Modern processors have multiple “cores” that can each process information concurrently. With a VPS, a certain number of those cores get dedicated to each of the users on the server.
The number of cores available to your VPS works in conjunction with the RAM to run applications, process information, and deliver content to visitors on your website.
A “static” website that’s made up of pages saved on your server needs less processing than a website running on WordPress or a similar application that builds the pages on the fly. Having more cores will help speed up your site’s performance if you’re running that type of system.
If you’re buying a PC for home or office use, there are two common operating systems to choose from – Windows or macOS. A VPS is similar but you’ll generally choose between Windows or a Unix-based OS like Linux. macOS is pretty rare on webservers.
There are quite a few Linux distributions to choose from as well, including Ubuntu, Debian, and CentOS.
Linux is the most widely used OS on the web so unless you have a specific need to run Windows Server on your VPS, you should choose one of the Linux distribution options.
Server Management Software
Everything you do with your VPS has to be done remotely. You can set up a secure SSH connection and manage everything through a command-line connection but not everyone is comfortable with the terminal.
A web-based server management tool lets you handle a lot of the maintenance and technical tasks through an easy-to-use web page. The two most popular options are Cpanel and Plesk.
There are two components of the bandwidth on your VPS – port size and network traffic. The port size is the amount of data that can get transferred to and from your server at once while the network traffic is the total amount of data you can transfer.
Think of the port size like a water pipe. More bandwidth is like having a larger-diameter pipe. More water can flow through the pipe at once so it can deliver a higher volume in the same amount of time.
The amount of bandwidth you need depends on the type of content you’re delivering to your website visitors and the number of visitors on your site at any given time. If you’re delivering audio or video content, you’ll need more bandwidth than you will for text. And if you have more visitors viewing your site concurrently, you’ll also need more bandwidth.
The total traffic is how much data you can transfer each month. You should look out for VPS servers with benefits of unlimited traffic on all plans so you don’t have to worry about hitting a limit or getting charged huge overage fees.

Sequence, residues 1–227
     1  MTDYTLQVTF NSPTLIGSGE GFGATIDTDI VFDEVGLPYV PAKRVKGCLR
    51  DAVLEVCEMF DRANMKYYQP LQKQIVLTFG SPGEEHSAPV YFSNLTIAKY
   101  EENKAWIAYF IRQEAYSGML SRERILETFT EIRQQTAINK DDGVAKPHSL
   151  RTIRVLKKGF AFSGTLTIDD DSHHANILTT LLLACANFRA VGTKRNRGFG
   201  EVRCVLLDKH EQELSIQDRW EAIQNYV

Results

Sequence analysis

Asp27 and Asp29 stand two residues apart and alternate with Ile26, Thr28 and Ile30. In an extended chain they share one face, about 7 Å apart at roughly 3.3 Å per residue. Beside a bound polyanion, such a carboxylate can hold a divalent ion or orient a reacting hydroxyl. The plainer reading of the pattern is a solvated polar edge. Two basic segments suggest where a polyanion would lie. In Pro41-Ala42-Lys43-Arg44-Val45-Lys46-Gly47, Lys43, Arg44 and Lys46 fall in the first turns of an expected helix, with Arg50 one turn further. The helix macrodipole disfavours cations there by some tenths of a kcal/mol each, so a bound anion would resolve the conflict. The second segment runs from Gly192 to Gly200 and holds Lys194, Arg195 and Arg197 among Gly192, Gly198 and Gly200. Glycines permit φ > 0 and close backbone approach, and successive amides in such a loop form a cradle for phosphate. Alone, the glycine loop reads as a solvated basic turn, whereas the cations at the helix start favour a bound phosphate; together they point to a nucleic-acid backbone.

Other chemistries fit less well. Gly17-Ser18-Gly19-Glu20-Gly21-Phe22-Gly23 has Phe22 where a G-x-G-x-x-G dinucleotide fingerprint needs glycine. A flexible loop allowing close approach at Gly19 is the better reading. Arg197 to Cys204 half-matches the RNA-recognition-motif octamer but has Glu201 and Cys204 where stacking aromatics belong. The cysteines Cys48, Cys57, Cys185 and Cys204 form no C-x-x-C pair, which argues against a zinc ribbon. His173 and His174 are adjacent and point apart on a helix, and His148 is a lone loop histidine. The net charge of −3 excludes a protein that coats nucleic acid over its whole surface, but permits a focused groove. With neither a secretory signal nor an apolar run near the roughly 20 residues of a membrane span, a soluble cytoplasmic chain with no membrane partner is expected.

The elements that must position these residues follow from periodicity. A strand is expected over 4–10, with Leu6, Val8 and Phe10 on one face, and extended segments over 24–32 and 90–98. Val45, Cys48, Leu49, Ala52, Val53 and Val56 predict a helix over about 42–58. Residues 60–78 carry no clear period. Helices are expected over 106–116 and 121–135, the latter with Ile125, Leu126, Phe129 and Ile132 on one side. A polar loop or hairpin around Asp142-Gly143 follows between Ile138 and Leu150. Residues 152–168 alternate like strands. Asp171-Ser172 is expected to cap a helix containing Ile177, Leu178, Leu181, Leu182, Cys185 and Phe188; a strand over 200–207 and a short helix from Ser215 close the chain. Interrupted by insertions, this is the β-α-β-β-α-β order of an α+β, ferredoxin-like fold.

VPS Support and Maintenance
Technical support is another important consideration when choosing a VPS. Having complete control over your server has a lot of benefits but it does come at the price of having to maintain some things.
A web server is similar to your home PC – the operating system and other software get updated regularly to fix security flaws and add new features. If you’re running a web management tool like Cpanel or Plesk, it can handle some of those things for you but some of them are more complicated.
Your VPS hosting provider should provide a certain amount of technical support to help with these types of things.
Backup is another critical piece of your VPS hosting. Your website and other data need to get backed up in case something gets deleted by mistake, there’s any kind of hardware failure in your VPS, or your information gets lost for any other reason.
You don’t want to have to rebuild everything from scratch if something goes wrong. Services like OVHcloud offers several backup options for your VPS and the data stored on it.
Where to Get the Best Deals on VPS Hosting
If VPS hosting sounds like the right choice for your needs, check out reviews of the VPS hosts that can help get you set up with the best VPS web server. Look for a company that offer a wide range of VPS hosting plans that will work for you whether you’re launching a brand new website or you’re already getting a lot of traffic.